Hall Man Hall Biscuit
Will he, won’t he?
reputation as a pianist (and it has always seemed a little exaggerated to me), he will be up there with Keith Jarrett should the world’s music promoters ever decide to give out Ieast-popular-person awards. Whether
it is natural cantankerousness or a chip
on the shoulder lrom his early experiences oi apartheid, Ibrahim seems to take delight in being as unco-operatlve as possible.
For that reason, the promoters (both local and national) still do not know exactly what will be happening when (or perhaps It) the pianist tultills his upcoming British tour. Originally it was to be a duo with saxman Horace Young, then with Basil Coetzee; alter a demand tor more money which the promotors
i could only partly meet, Ibrahim is now
! saying he will play solo (no one else to
i pay, thus more for him), at least on the
i days when he is not threatening to pull
! out altogether.
g Assuming he comes, he will be
1 playing three Scottish dates in his
l distinctive, highly coloured tashlon,
; integrating the bright rhythms at his
I native land with a concern ior structure
' and texture inspired by his early devotion to his mentor, Duke Ellington, who helped him make his initial break (as Dollar Brand) into the American
l lazz scene. Duke, he recalls, ‘was not thought 01 as a Western musician when
i we were growing up in Cape Town, but
i was more like a wise old man 01 the
l communityln absentla.‘
. In addition to Scottish Jazz Network
’ gigs In Edinburgh and Glasgow (see listings), Ibrahim is scheduled to
headline the Ninth Dundee Jazz
Festival at the ﬂap Theatre on 5 June.
Subsequent major concerts include the
mainstream Jazz All-Stars (6 June)
with saxophonist Spike Robinson, Boy
Williams on trombone, and trumpeter
Warren Vache, and a iirst Scottish
outing tor Andy Sheppard‘s new band In
Co-Motion (7 June). Full programme Is
. available lrom the Bop Theatre on 0382
| 23530. (Kenny Mathieson)
London Festival Orchestra
organisations struggle to bc ever-inventive in attracting audiences, the London Festival Orchestra and its Cathedral Classics series are simply packingthem in. Now in its sixth year, the idea is that the orchestra tours around Britain each summer, teaming up with different cathedral choirs on their own territory for usually one work to complement a programme ofpopular classics for chamber orchestra.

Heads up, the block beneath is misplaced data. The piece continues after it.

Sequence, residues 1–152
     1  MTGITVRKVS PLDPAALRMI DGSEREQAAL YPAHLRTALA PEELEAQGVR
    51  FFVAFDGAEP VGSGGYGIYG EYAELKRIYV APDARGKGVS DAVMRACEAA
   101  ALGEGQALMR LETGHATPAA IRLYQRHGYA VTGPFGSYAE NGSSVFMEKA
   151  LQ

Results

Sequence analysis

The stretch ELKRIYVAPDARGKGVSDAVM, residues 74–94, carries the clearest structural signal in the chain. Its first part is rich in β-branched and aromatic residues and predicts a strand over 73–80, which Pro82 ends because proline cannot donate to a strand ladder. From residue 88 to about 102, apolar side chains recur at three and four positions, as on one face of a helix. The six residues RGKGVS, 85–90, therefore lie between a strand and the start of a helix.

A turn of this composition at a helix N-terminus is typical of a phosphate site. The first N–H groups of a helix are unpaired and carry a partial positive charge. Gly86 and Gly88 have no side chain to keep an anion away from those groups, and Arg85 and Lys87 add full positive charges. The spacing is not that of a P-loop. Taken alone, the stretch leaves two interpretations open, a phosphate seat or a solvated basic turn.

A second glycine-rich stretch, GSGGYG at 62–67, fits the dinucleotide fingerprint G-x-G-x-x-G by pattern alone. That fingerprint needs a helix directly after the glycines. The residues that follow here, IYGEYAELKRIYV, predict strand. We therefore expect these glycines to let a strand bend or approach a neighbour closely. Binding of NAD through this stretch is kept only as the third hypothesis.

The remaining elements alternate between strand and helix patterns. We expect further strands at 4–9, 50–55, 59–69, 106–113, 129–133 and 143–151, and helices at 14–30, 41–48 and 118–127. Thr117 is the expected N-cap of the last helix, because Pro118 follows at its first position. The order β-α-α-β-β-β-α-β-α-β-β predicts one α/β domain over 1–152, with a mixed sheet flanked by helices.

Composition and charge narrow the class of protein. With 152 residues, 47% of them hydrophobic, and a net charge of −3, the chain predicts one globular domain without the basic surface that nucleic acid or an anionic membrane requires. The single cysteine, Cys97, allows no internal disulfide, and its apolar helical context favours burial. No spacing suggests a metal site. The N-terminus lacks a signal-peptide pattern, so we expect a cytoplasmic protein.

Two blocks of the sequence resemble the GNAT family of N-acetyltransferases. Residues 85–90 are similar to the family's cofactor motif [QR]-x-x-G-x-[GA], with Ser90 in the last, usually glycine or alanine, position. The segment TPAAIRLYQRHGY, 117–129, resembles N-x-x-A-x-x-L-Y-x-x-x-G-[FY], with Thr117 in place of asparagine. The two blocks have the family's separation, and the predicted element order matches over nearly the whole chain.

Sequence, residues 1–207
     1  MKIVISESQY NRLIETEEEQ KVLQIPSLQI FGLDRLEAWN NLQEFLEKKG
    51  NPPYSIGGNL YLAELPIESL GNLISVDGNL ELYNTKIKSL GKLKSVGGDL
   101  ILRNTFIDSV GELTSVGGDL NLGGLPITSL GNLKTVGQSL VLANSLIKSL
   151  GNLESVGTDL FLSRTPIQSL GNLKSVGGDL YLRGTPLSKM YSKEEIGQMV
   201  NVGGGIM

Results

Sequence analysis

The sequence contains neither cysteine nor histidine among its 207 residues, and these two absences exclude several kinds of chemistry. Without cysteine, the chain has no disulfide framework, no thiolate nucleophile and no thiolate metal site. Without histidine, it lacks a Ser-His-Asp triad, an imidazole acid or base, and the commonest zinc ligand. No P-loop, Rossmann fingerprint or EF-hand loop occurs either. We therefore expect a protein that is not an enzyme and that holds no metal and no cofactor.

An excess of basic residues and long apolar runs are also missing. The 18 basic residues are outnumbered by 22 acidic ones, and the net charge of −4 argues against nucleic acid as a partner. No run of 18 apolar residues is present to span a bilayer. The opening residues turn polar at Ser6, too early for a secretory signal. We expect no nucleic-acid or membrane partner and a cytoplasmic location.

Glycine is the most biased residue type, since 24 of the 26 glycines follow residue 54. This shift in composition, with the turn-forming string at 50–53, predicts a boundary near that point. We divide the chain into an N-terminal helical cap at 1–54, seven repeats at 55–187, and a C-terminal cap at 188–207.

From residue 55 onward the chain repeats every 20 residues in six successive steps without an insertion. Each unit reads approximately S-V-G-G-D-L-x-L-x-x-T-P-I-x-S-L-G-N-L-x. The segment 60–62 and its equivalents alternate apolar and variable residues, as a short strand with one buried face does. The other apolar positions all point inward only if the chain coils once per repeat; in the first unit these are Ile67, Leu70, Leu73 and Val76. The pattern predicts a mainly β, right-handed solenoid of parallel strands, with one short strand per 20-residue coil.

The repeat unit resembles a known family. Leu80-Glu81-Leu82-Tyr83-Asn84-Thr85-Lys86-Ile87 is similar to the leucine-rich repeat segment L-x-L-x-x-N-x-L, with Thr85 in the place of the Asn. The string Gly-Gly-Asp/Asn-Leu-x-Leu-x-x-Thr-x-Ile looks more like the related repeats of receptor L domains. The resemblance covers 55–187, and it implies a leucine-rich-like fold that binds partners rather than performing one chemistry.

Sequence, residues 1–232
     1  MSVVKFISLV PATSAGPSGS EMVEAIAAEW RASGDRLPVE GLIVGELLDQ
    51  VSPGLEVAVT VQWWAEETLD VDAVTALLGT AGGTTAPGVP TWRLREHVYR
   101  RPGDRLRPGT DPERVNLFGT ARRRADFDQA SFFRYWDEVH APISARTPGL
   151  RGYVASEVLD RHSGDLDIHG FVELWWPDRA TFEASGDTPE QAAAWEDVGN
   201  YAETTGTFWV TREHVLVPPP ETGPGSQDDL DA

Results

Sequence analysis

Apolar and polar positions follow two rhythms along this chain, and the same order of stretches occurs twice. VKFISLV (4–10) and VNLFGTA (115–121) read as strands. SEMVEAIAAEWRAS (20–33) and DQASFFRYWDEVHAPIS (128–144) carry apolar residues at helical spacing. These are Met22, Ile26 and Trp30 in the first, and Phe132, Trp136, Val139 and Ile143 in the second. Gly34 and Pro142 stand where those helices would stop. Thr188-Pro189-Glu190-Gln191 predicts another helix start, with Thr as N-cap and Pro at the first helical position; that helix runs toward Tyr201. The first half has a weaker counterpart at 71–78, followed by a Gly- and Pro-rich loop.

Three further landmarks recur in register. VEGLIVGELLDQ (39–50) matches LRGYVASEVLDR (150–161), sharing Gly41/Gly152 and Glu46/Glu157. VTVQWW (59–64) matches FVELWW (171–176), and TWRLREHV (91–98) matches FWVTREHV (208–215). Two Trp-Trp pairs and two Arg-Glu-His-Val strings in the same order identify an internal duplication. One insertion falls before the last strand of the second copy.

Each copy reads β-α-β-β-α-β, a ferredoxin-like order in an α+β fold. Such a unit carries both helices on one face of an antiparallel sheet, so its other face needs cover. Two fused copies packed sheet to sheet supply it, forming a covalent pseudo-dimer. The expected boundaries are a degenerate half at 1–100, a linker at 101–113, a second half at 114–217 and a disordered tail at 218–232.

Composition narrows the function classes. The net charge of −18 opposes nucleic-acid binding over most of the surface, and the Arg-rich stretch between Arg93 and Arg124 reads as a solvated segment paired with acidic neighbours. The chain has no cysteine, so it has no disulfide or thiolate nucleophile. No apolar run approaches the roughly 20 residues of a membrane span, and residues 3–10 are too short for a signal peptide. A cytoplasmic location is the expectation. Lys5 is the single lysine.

So. in Edinburgh they join St Mary‘s Cathedral Choir for Mozart‘s Missa Brevis K194 and at Glasgow Cathedral it's the Te Deum by Purcell. Not only are audiences clamouring for seats. but cathedrals are demanding to be part of it. ‘This year‘, says Ross Pople, the orchestra's founder and director, ‘we‘re giving 29 concerts and. really, it's now reached the stage where we have to control it. The venues have to be distributed over the whole ofthe land to match our sponsor. British Gas, and it generally works out that we give two concerts in each region they operate in.‘ The two Scottish
programmes are typical in their make-up. ‘We try to have one work with the choir of the cathedral and one work with a soloist. either from the orchestra or an international name, and the rest is generally very listenable .‘ explains Pople. in Edinburgh, that means Handel, Arnold, Mozart and Tchaikovsky and in Glasgow, Handel, Stamitz and Schubert. ‘On occasion, we put something in for our own amusement, which usually amuses our audience too, as well as balancing the programme. This year it‘s Stravinsky's Concerto en Re.‘
The Edinburgh visit this summer will be extra special as Dennis Townhill, organist and master of the choriste rs is retiring this month after 30 years service.
The London Festival Orchestra play St Mary '5 Cathedral, Edinburgh on Sun 9am! Glasgow Cathedral on Mon 10.
32 The List 3i iviay- 13 June 1991